Negotiations for a new trade deal with India are imminent

A new agreement is to be concluded with India to increase two-way investment and trade. The Ministry of Commerce has already sent a letter to Delhi informing of Bangladesh’s interest. The Ministry of Commerce estimates that if this agreement named Comprehensive Economic Partnership Agreement (CEPA) is signed, trade between the two countries will increase several times.

According to sources at the Ministry of Commerce, a letter was sent to New Delhi in this regard by the Ministry of Commerce at the end of last September. Dhaka is now waiting for Delhi’s response. Further action will be taken after receipt of the response to the letter. The government believes that Bangladesh’s trade with India will increase if there is a preferential trade and investment agreement. In this regard, said an official from the Ministry of Commerce, the internal process has started to start negotiations on the Integrated Economic Partnership Agreement.

Several meetings are scheduled this month to implement CEPA. In this regard, the Principal Secretary of the Ministry of Commerce, Tapan Kanti Ghosh, said that apart from the inter-ministerial meeting, the Ministry of Commerce will also hold a meeting with various trader organizations. He said that in their joint statement announced by the Prime Ministers of India and Bangladesh in New Delhi last September, they called on relevant officials to start discussions. However, no letter has yet arrived from New Delhi in this regard. Negotiations on the agreement will begin in December this year.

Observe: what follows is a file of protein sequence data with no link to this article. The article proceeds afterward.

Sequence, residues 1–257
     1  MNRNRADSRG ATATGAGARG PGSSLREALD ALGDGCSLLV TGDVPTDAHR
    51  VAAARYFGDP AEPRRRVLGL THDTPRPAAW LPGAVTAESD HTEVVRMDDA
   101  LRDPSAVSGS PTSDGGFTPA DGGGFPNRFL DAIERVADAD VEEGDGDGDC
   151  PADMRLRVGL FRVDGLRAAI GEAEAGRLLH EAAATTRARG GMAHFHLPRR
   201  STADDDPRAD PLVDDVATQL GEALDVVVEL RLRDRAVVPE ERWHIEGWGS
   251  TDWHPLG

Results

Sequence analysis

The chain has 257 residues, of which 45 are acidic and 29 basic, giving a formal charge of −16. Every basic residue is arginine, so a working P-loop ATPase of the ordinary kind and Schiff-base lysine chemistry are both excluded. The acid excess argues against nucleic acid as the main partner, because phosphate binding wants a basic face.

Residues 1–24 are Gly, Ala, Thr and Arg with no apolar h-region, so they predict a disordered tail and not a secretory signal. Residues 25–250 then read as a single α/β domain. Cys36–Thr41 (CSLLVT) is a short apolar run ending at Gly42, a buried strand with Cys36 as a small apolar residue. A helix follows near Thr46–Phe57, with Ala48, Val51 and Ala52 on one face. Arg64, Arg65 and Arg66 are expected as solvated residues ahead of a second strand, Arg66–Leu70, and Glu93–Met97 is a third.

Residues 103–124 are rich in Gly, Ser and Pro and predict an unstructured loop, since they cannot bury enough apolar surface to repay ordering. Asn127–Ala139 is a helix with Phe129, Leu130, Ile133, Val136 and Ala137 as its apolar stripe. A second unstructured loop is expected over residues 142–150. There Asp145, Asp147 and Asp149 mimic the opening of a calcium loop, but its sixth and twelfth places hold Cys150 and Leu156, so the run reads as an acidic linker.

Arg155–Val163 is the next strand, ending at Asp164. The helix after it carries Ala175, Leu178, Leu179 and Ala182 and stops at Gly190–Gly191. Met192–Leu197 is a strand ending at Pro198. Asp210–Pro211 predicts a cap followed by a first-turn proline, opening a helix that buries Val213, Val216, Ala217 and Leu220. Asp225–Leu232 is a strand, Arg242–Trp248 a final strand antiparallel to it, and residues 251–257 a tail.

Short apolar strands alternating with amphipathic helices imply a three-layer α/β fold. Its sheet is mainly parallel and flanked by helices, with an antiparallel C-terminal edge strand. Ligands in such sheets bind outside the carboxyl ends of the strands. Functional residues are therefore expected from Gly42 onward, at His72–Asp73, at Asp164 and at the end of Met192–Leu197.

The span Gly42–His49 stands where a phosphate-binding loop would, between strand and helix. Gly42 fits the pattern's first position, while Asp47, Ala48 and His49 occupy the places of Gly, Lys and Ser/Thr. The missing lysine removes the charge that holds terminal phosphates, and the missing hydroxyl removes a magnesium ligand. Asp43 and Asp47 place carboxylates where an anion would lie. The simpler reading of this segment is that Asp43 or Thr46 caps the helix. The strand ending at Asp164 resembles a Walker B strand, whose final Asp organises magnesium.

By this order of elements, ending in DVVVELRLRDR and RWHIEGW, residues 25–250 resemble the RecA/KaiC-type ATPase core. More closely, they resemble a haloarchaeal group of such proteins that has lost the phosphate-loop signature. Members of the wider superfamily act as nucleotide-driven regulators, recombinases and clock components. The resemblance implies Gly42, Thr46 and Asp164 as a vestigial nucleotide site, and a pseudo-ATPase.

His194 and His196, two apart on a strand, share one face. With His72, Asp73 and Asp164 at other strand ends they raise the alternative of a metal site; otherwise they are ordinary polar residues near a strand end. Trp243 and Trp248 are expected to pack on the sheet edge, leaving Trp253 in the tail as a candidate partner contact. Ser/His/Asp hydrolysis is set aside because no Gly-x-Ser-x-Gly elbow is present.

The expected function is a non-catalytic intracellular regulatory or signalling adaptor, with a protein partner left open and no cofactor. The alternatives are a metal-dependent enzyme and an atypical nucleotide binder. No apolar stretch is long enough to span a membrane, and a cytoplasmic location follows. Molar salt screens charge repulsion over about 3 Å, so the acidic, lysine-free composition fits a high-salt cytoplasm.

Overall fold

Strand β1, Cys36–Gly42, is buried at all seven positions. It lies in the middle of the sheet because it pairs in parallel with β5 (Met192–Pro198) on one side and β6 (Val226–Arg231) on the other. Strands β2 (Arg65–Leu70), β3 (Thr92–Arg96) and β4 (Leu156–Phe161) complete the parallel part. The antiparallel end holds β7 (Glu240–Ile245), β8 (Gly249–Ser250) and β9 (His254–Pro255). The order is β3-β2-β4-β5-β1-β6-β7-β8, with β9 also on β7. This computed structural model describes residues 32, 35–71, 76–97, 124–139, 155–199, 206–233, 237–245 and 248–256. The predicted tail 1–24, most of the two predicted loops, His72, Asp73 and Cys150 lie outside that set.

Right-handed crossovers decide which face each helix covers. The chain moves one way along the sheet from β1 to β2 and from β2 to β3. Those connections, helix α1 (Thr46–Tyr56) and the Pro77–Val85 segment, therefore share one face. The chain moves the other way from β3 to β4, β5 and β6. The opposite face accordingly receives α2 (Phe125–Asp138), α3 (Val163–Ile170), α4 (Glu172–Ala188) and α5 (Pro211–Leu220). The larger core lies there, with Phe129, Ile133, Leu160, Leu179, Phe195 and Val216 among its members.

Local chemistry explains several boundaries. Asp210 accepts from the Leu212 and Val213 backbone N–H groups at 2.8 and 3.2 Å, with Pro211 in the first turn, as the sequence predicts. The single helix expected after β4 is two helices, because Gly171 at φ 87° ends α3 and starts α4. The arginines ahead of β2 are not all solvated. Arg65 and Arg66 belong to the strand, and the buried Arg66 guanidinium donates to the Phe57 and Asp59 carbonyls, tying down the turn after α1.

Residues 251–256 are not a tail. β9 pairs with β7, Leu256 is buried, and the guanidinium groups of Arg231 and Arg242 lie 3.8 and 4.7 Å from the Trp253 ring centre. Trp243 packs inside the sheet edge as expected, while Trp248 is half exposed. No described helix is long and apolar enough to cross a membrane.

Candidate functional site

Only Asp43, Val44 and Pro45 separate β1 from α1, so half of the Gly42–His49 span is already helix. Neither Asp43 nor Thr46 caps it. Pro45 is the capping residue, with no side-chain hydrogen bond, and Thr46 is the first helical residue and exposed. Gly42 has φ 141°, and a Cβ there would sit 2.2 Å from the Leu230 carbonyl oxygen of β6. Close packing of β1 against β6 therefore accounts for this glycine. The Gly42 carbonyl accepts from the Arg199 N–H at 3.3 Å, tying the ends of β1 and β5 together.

A Commerce Ministry official said, “This is a big deal. Bangladesh has not entered into any such agreement in the past. The two sides will now form advisory councils and sectoral sub-committees made up of officials and experts to push the issue forward. The CEPA agreement may take several years to complete.

CEPA is seen as an upgraded version of the Free Trade Agreement (FTA), stakeholders said. India has already signed several such trade agreements with a number of countries, including South Korea and the United Arab Emirates. The two South Asian countries first discussed the prospect of a CEPA at a trade secretary-level meeting in 2018 to boost bilateral trade and enhance overall cooperation. Later that year, trade ministers from both countries agreed to conduct a joint feasibility study on the matter.

Later, India’s Regional Trade Center and Bangladesh Foreign Trade Institute jointly conducted a feasibility study and submitted a report to their respective Ministry of Commerce. After reviewing the joint investigation report, the Ministry of Commerce said the CEPA could be signed with India to retain the benefits Bangladesh enjoys under the South Asia Regional Free Trade Agreement. South (SAFTA) after the transition from LDC status. CEPA aims to resolve trade complications, tariffs, government procurement, investment, mergers, and investment protection, among others. It is also a large-scale initiative to remove various complications in promoting Bangladesh as a developing country.

If the CEPA is properly established, the importer-exporter of both countries will be able to choose the agreement according to its suitability for the conduct of business activities. Currently, the South Asian Regional Free Trade Agreement (SAFTA) is operational among SAARC countries. Although both Bangladesh and India are members of the Asia-Pacific Trade Agreement (APTA), traders prefer SAFTA. Because its advantages are more. As a least-developed country, Bangladesh enjoys duty-free exports to India except for 25 products that fall under the category of alcoholic and non-alcoholic beverages (allowed under SAFTA). Bangladesh will lose these benefits from India after 2026 when it is upgraded to developing country status.

According to data from the Export Promotion Board (EPB), Bangladesh has achieved promising results in exporting goods to India in the financial year 2021-2022; It broke all previous records and reached the milestone of $200 billion in product exports, 81% more than the previous year. In the same fiscal year, Bangladesh imported goods worth $1,616 million from India.

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